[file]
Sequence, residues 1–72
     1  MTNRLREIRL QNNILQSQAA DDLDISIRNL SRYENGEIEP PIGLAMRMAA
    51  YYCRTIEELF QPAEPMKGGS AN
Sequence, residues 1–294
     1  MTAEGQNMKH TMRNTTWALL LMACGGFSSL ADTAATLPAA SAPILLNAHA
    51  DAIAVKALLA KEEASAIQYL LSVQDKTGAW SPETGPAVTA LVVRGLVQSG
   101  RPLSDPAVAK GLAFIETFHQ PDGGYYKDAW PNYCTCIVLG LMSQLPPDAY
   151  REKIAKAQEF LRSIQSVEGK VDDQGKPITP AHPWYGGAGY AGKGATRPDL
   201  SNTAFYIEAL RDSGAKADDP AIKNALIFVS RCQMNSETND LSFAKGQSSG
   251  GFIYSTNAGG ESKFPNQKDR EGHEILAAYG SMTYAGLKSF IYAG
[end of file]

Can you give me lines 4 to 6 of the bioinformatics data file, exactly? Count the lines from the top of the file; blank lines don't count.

Sequence, residues 1–294
     1  MTAEGQNMKH TMRNTTWALL LMACGGFSSL ADTAATLPAA SAPILLNAHA
    51  DAIAVKALLA KEEASAIQYL LSVQDKTGAW SPETGPAVTA LVVRGLVQSG